PRE Tuning

Hyundai Genesis Coupe 2.0T Theta engine disassembly, evaluation, and comparison to the Mitsubishi Evo X 4B11T

Today we started a new project. Customer submitted a Hyundai Genesis Coupe Theta 2.0T engine for us to disassemble, assess build quality, and suggest upgraded parts for increased performance and reliability.

Initial observations: the new engine is an all aluminum inline 4. The block is lighter than the old 4G63. Contrary to the old 4G63 found in the Lancer Evolution 7-9, the new engine has the exhaust/turbo on the left side and intake on the right side of the engine. New engine uses bucket-style direct valve activation, compared to the 4G63 using rocker arms. Oil pump is not a separate unit driven by a chain off the crankshaft and located in the oil pan. 4G63 oil pump was timing belt driven and located in the front engine cover. 4B11 does not have balance shafts like its predecessor. Crankshaft is forged and fully counter-weighed. Pistons are cast with friction coated short piston skirts. Connecting rods are “broken” or fracture style. This means the connecting rod is made of powder steel as one piece and precise “broken” during manufacturing in order to separate it. We this being the weak point of the engine. While being adequate for its designed performance duties, the rods become a weak link when increasing engine performance. This can lead to catastrophic engine failures. Our suggestion is replacement of connecting rods in all performance-oriented applications. Main caps are independent on the 4b11 contrary to the 4G63 which has a single cast-iron girdle. Before disassembly we though the engine had the upper oil pan and main caps act as one unit, common practice in racing and even modern engines such as the F20 in the Honda S2000, but this was not the case. The main caps are not tied into the oil pan, nor are they connected together with any type of girdle. This is an area of development we will take on at Pavel’s Racing Engines.

Shortly we will be performing further disassembly of the cylinder head and testing valve springs. We will also provide all component dimensions and weights.

Enjoy the pictures. Most pictures have descriptions. Click to see the details.


13 Comments to Hyundai Genesis Coupe 2.0T Theta engine disassembly, evaluation, and comparison to the Mitsubishi Evo X 4B11T

  1. dylan's Gravatar dylan
    03/03/2015 at 17:26

    hello I just read your findings on the 2.0t genesis coupe motor. I have a 2013 and was given a set of unorthodox racing lightweight pulleys (crank and alt.) What was your findings more importantly on the crankshaft balance of the 2.0t. Is it ok to run a light weight crank pulley?


  2. Jesus's Gravatar Jesus
    07/11/2015 at 21:56

    Can you provide me the ARP Main Studs part number you used for these build?


  3. luciano's Gravatar luciano
    26/11/2015 at 21:57

    Hello!, hyundai Genesis has exactly the 4G63 engine ? Or other similar to 4G63 engine of Mitsubishi? Thanks !!!!!!!!


  4. luciano's Gravatar luciano
    28/11/2015 at 00:58

    Thanks Pavel, so… Theta engine is Korean or Japanese ?


  5. luciano's Gravatar luciano
    30/11/2015 at 23:51

    OK. Where can send a mail for recive more information about Hyundai Genesis Engine ?? Thanks..


  6. luciano's Gravatar luciano
    03/12/2015 at 15:07

    How many PSI has Genesis turbo “OEM” ? ( Genesis new line, twin scroll turbo 275 HP )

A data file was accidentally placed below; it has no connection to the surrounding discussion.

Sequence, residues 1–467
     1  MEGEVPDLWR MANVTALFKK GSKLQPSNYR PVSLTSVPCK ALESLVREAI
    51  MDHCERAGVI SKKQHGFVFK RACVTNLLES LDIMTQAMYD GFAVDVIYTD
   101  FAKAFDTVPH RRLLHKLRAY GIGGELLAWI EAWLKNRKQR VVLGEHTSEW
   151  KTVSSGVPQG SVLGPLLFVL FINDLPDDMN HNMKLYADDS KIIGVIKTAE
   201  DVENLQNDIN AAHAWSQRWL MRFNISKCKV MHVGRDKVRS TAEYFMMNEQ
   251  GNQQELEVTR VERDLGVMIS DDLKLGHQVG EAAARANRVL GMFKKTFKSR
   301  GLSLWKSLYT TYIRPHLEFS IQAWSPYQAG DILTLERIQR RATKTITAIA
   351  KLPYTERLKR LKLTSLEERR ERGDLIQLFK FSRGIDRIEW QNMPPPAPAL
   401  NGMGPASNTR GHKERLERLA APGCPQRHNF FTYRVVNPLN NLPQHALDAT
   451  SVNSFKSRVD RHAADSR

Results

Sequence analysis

Someone answers please.


  7. Eddie's Gravatar Eddie
    17/03/2016 at 00:19

    Hello i have a question, i was researching on both motors and found out that the 4b11T is a semi-closed deck block and gen motor is a open deck does this effect performance if so how can i fix that. And is there performance parts from the 4b11T we can use on the gen motor. I just want my motor to be as strong as the 4b11T. Thankd you.


  8. Giulio F.- Italy's Gravatar Giulio F.- Italy
    30/03/2017 at 06:08

    Hello dear PRE team!
    I have read with high interest your detailed and serious coverage about the Hyundai Genesis coupe 2.0t theta engine.

    I write you from Italy, where the car is EXTREMELY rare and unfortunately unknown to any serious car tuner…

    I have a work in progress soft tuning on my 2012 Genesis Coupe 2.0 turbo: at the moment I have corrected the spark plugs gapping according to the projects specs (1.0-1.1mm), installed an R2C dynamic cold air filter (black hex series) that utilizes the factory air duct, Installed a test pipe (original section), and a Magnaflow 16478 catback exhaust system (3″)..
    I also have already upgraded the clutch/flywhee/clutch slave with the 2013- models as my clutch did start slipping (right now I have 21.000 km on the car).

    My question: I found an ECU tuner who already did few tailor made ECU maps (on the dyno), that claims an expected gain of +30hp and 40nm of torque (as safe

    Together with the performance upgrades, I would ask him to ANTICIPATE for safety reasons the rev limiter of 500rpm, and eliminate the annoying rev-hang issue/feature..

    ACCORDING TO YOUR EXPERIENCE and on the kind of components you have observed inside theengine, do you think that WITHOUT CHANGING PISTONS AND RODS WITH FORGED ONES, the engine would run fine and safe? I am talking of a final result of a car with 230-250hp maximum (I don’t know.. 220/230hp at the rear wheels..?)

    Please…! Help me evaluate correctly the steps to take in a safe direction..!

    Thanking you respectfully and thrustfully, I send you friendly regards from Milan, ITALY!
    Giulio


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